I could not agree more with the view that science and religion can coexist and even complement each other. I was raised Roman Catholic, but it was never anything that was truly forced on me. As I got older I went to church less and less up to the point where I only went for occasions such as Christmas and Easter. However, I never lost my belief in God. When it comes to things such as the Bible, however, I don’t take it as factual evidence in many cases. Especially not the Old Testament. However, when I look at the Bible I see great insight into past cultures and beliefs. Even when one considers other sacred texts such as the Bhagavad Gita and the Qur’an, whole cultures are laid out for us to study.

    This is where I think science can come in. We can use our scientific knowledge today to closely examine these texts and to give us context for many of their stories. We don’t have to use science to disprove religion, or use religion to nullify scientific theories. No matter how hard scientists try, for example, they cannot disprove the existence of a greater being such as God.

    Both science and religion, in my opinion, rely heavily on faith. Religion is the most obvious example because we cannot see a higher being or have proof of reincarnation for example, but I think science works much in the same way. We cannot know everything about the natural world or how it was created. Yes, we have theories such as the big bang theory (which I completely believe in) but we cannot prove that it truly happened. We might have great evidence in favor of it, but we can never have that 100% certainty. That is why we have to have faith.

    I believe in the theory of evolution, I believe in the big bang theory and I don’t believe many of the stories in the Bible. But I do believe in things such as a “historical Jesus”. There is science behind Jesus’ existence, but there’s no science that can prove or disprove whether or not he was the son of God. In my opinion, it really doesn’t matter either way. All that matters is what YOU believe in, not what science or religion tells you. I’ve considered the science and I’ve considered religion and I’ve decided I believe in God and I believe in Jesus Christ. All you really need to have is faith in one direction or the other.

  6. September 18, 2011 at 12:21 am

    I really find it interesting how you said when Adam and Eve ate from the Tree of Knowledge, they realized that the Garden of Eden was only a fantasy; and the way you related the nature of science to the original sin.

    Though I’m not a believer in religion, I still find them very intriguing. Perhaps science is not a sin against God. Perhaps, it is the punishment that God administered among people for eating from the Tree of Knowledge. As you said, there was a time when people did not have to know much. However, God forced people to use science to figure out more about the world. Maybe science is the result of eating from the tree?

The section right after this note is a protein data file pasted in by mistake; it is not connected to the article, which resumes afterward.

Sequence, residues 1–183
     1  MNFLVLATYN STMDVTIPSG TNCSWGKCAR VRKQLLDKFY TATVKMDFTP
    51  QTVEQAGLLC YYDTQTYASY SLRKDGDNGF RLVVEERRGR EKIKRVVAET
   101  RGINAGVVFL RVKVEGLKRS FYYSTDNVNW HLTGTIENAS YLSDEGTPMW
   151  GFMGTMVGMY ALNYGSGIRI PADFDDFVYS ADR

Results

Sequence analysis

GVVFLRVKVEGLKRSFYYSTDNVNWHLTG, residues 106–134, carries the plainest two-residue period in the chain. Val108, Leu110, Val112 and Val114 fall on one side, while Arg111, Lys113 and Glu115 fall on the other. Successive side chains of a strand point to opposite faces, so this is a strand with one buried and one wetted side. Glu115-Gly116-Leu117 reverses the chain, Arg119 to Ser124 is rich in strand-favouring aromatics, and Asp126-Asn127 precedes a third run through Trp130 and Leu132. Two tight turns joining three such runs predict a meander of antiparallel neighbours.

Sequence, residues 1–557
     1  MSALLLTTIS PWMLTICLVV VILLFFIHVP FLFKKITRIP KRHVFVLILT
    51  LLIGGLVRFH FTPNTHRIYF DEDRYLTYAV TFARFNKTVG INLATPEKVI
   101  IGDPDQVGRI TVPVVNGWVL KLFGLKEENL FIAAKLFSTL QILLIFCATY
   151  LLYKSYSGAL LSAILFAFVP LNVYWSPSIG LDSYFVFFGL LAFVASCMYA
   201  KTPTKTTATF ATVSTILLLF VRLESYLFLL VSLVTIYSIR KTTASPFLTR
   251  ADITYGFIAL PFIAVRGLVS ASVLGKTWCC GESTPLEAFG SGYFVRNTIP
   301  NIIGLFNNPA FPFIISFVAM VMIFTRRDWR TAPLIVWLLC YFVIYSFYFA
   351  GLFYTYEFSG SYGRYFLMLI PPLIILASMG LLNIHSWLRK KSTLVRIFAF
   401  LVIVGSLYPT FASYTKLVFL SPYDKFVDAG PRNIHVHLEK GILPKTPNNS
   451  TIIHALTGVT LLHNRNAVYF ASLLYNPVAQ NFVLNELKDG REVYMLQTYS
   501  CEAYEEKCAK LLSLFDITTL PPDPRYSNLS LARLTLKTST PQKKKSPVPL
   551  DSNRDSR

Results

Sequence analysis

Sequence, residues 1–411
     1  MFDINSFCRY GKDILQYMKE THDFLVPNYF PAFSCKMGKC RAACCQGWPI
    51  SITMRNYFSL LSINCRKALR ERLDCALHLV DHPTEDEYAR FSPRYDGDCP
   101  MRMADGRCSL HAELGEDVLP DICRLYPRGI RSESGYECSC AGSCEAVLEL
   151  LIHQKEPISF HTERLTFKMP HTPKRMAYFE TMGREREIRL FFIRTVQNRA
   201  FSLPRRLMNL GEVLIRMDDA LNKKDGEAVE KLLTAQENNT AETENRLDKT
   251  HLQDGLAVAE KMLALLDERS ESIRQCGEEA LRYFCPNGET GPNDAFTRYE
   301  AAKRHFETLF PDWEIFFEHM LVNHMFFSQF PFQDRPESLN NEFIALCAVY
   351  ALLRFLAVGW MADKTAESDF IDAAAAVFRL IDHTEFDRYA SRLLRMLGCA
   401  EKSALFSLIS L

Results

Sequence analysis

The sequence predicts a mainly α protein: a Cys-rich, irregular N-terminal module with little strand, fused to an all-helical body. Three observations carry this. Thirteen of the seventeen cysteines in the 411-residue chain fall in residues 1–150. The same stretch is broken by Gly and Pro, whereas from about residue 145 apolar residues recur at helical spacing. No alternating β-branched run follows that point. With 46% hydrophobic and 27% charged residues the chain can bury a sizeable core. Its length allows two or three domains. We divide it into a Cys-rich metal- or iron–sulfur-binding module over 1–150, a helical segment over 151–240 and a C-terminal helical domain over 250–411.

7. September 18, 2011 at 9:18 pm

    As a person who is not religious, but a person who enjoys learing about religion and science, i found this a very interesting blog. Personally I feel that no one will ever know the truth to how this universe and all of these creatures that reside are created. Thats just me. I feel like science is used as an attempt to find out, or even come close but honestly i don’t think anyone will ever know. Personally I don’t even want to know. I like how you related back to the bible, I grew up in a hindu house hold and was never exposed to other religions outside of hinduism. Essentially hindus believe in the fact that the universe was created due to a higher being, but also hindus believe in reincarnation. Now thats a whole different story which i don’t know if I would like to get into. I enjoy science, and i enjoy what science has to say about the world. I enjoy religion and i enjoy what religion has to say about the world. I don”t know if i prefer one over the other, since I am not religious nor extreamly scientific, but over all i like this post alot and hearing your views on it. In regards to your question about can religion and science be mixed, i would say yes depending on the people who are mixing it. I believe that if two people who enjoy both science and religion can talk about science and religion and say that they live in harmony. I believe that science and religion are both perspectives of the people. In a way they could be invented, in a way they could be concrete. But like how many licks does it take to get to the center of a tootsi pop, I truly believe that The World May Never Know.